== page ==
On 16 April 2021, a forklift operator was sentenced in the Brisbane Magistrates Court for failing to take reasonable care his acts did not adversely affect the health and safety of others, contrary to sections 28 and 32 of the Work Health and Safety Act 2011. Magistrate Colin Strofield imposed a fine of $3,000 and no conviction was recorded.
The defendant was employed by a transport and storage company as a worker, and was engaged in cruise ship services at the Portside Wharf in Hamilton, including ground handling and stevedoring. Part of the defendant’s duties involved transporting luggage to and from cruise ships using a forklift, which he was appropriately licensed to do.
On 3 March 2020, the defendant was operating a forklift with a full luggage cage on its tines moving toward a cruise ship for loading. As he was driving, one side of the luggage cage opened and became stuck. The defendant stopped the forklift and exited to pick up the luggage that fell out. Another worker driving a forklift approached the defendant, stopped and got out to assist the defendant. The workers agreed the forklift needed to be reversed to retrieve the luggage stuck underneath. The defendant returned to his forklift and operated it forward, striking the worker with the cage on the tines of the forklift.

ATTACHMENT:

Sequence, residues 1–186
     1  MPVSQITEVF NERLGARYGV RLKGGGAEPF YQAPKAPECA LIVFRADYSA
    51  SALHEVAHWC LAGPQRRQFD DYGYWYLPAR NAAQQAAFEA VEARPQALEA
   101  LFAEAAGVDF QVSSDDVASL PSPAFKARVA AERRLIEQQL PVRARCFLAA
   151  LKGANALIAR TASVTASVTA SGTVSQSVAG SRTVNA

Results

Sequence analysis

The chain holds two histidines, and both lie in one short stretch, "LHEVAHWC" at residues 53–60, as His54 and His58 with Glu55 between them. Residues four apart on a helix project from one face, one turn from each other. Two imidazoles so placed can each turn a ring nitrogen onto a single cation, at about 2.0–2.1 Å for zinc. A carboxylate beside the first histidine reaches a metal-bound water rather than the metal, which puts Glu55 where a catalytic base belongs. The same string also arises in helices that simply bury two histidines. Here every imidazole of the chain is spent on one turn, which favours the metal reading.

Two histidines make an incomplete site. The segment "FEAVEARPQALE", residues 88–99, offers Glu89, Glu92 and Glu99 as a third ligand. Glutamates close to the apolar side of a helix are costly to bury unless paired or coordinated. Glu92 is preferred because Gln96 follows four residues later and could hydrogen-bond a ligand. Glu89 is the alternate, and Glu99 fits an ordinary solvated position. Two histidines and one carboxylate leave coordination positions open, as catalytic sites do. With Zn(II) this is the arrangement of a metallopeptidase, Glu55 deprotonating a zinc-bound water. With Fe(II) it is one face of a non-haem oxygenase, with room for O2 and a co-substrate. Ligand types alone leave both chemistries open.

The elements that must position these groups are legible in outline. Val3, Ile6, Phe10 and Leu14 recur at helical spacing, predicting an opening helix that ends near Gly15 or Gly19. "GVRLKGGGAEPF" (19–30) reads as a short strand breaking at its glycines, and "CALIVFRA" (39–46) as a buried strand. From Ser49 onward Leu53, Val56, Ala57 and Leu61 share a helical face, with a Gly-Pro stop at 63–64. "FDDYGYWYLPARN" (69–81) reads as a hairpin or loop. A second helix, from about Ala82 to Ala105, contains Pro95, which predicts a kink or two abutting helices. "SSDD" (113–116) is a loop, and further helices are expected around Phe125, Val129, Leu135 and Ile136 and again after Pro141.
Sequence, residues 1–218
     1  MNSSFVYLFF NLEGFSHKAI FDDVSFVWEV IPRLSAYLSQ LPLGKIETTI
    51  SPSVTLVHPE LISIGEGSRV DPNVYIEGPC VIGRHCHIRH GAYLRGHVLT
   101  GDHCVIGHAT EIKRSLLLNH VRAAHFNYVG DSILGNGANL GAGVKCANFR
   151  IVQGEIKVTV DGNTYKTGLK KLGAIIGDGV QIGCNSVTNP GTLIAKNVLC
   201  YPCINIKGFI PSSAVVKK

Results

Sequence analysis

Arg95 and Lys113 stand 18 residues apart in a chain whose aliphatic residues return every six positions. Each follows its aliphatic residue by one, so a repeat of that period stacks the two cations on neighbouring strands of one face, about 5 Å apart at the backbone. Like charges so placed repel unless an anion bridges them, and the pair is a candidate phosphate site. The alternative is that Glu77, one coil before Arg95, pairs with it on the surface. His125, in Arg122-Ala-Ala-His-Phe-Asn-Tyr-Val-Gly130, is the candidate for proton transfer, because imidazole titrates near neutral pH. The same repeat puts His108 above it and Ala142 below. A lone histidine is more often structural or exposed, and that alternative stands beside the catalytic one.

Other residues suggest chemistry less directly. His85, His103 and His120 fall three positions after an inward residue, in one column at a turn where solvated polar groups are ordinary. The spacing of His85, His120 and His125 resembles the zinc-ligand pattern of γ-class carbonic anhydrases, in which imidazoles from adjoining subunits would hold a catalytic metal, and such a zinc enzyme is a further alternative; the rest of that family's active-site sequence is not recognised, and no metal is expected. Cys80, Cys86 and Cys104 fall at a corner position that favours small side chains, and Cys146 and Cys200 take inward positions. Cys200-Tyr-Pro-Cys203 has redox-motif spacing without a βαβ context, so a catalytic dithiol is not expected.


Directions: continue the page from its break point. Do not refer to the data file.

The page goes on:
The worker sustained bilateral compound fractures to both legs and was transported to hospital where he underwent surgery.
In sentencing, Magistrate Strofield indicated there were several mitigating factors, including an early guilty plea, the defendant’s age, his lack of prior work health and safety offending, and his cooperation with the investigation by participating in an interview in which he made admissions to the offending.
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Sections 28(b) and 32 Work Health and Safety Act 2011